Fatty acid biosynthesis in Mycobacterium tuberculosis: lateral gene transfer, adaptive evolution, and gene duplication

Rhoda J. Kinsella, David A. Fitzpatrick, Christopher J Creevey, James O McInerney

Research output: Contribution to journalArticlepeer-review

77 Citations (SciVal)

Abstract

Mycobacterium tuberculosis is a high GC Gram-positive member of the actinobacteria. The mycobacterial cell wall is composed of a complex assortment of lipids and is the interface between the bacterium and its environment. The biosynthesis of fatty acids plays an essential role in the formation of cell wall components, in particular mycolic acids, which have been targeted by many of the drugs used to treat M. tuberculosis infection. M. tuberculosis has approximately 250 genes involved in fatty acid metabolism, a much higher proportion than in any other organism. In silico methods have been used to compare the genome of M. tuberculosis CDC1551 to a database of 58 complete bacterial genomes. The resulting alignments were scanned for genes specifically involved in fatty acid biosynthetic pathway I. Phylogenetic analysis of these alignments was used to investigate horizontal gene transfer, gene duplication, and adaptive evolution. It was found that of the eight gene families examined, five of the phylogenies reconstructed suggest that the actinobacteria have a closer relationship with the alpha-proteobacteria than expected. This is either due to either an ancient transfer of genes or deep paralogy and subsequent retention of the genes in unrelated lineages. Additionally, adaptive evolution and gene duplication have been an influence in the evolution of the pathway. This study provides a key insight into how M. tuberculosis has developed its unique fatty acid synthetic abilities.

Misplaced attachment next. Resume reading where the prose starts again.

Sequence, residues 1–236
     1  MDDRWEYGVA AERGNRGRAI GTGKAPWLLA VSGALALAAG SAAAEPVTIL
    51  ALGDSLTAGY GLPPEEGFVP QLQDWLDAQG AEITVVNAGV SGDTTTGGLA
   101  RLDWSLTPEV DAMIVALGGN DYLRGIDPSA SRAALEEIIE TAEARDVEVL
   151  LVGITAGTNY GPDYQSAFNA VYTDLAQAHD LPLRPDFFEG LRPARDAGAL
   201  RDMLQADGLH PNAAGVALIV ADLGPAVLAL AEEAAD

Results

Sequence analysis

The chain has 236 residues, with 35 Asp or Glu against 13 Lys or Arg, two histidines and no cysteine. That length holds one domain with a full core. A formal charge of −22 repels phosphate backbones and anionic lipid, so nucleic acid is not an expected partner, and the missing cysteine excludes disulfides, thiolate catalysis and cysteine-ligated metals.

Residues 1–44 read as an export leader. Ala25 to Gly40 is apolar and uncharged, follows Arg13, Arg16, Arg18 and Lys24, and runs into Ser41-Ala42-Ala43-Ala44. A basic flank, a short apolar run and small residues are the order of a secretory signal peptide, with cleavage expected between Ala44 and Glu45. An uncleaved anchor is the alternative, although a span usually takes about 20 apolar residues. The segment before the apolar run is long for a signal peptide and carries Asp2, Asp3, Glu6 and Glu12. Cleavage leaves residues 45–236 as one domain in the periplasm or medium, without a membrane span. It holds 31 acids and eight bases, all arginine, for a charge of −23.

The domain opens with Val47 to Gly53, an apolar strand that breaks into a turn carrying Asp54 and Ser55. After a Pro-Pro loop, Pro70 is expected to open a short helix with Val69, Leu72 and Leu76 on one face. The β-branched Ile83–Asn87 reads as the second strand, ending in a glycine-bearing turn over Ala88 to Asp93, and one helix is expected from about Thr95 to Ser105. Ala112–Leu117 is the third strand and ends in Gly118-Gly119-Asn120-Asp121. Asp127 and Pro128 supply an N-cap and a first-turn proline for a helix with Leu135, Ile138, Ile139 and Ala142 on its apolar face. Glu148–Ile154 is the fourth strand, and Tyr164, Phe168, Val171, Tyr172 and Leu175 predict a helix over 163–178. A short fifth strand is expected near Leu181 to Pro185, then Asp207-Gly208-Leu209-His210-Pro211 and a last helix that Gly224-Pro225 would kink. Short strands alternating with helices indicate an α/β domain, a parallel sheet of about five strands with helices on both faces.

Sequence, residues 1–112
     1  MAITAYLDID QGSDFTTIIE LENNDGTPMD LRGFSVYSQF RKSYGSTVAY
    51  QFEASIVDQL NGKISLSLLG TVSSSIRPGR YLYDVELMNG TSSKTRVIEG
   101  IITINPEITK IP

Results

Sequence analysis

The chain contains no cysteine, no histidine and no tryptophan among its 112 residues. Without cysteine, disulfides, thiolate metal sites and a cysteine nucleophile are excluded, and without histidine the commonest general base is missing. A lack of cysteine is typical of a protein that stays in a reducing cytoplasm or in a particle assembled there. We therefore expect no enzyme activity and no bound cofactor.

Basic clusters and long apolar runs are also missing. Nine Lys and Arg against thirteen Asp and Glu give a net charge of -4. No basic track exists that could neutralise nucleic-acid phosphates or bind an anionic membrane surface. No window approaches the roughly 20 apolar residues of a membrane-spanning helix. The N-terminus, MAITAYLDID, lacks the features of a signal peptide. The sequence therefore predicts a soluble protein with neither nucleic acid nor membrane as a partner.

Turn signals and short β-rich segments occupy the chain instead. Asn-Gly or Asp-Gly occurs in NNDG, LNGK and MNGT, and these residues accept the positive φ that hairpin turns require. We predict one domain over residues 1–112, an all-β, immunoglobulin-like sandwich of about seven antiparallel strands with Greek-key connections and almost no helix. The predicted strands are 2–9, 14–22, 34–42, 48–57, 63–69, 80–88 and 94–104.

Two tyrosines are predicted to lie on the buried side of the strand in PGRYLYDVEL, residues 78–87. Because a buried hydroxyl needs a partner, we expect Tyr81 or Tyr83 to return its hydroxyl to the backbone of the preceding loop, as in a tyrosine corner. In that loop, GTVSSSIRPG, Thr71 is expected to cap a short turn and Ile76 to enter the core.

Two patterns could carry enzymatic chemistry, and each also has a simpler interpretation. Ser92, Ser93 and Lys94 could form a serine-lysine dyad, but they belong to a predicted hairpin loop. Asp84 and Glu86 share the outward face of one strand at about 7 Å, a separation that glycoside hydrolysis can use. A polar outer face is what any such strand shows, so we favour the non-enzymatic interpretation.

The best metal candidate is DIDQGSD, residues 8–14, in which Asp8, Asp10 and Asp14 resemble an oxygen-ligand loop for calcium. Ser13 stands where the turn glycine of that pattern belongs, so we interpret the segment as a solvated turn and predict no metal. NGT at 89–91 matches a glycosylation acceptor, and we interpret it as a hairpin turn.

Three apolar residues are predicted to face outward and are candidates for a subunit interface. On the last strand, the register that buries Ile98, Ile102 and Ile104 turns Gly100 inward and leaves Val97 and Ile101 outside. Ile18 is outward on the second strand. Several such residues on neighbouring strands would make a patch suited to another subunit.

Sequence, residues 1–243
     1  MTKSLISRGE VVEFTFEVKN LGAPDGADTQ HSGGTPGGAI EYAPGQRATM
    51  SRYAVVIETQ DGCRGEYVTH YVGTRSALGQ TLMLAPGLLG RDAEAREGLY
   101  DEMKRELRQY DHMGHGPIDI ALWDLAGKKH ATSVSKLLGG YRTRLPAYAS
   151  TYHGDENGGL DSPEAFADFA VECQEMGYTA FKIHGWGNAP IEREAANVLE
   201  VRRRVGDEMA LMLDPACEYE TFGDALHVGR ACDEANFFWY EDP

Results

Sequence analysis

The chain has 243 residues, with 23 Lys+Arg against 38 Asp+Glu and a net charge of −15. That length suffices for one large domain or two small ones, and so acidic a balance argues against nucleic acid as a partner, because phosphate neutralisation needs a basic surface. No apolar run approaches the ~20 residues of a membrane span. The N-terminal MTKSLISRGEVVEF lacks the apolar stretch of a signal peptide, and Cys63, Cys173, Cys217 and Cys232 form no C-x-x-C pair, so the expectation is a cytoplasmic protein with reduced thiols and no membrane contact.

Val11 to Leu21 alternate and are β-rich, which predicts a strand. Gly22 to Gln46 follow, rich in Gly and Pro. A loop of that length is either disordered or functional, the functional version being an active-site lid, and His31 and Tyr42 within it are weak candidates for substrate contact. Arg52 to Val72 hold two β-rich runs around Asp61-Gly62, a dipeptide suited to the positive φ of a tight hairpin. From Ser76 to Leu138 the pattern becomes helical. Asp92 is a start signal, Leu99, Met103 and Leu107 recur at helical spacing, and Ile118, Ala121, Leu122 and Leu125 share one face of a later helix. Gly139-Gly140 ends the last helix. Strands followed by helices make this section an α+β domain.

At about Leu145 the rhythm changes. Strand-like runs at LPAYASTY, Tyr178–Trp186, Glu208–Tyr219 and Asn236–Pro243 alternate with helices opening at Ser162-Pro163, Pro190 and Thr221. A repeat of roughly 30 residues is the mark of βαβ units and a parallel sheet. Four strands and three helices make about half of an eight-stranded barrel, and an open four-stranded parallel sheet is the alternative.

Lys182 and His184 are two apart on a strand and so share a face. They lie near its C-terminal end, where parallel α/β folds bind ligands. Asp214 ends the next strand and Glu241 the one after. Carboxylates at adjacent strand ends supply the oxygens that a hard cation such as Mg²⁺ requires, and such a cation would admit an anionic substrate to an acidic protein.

Original languageEnglish
Pages (from-to)10320-10325
Number of pages6
JournalProceedings of the National Academy of Sciences of the United States of America
Volume100
Issue number18
Early online date13 Aug 2003
DOIs
Publication statusPublished - 02 Sept 2003

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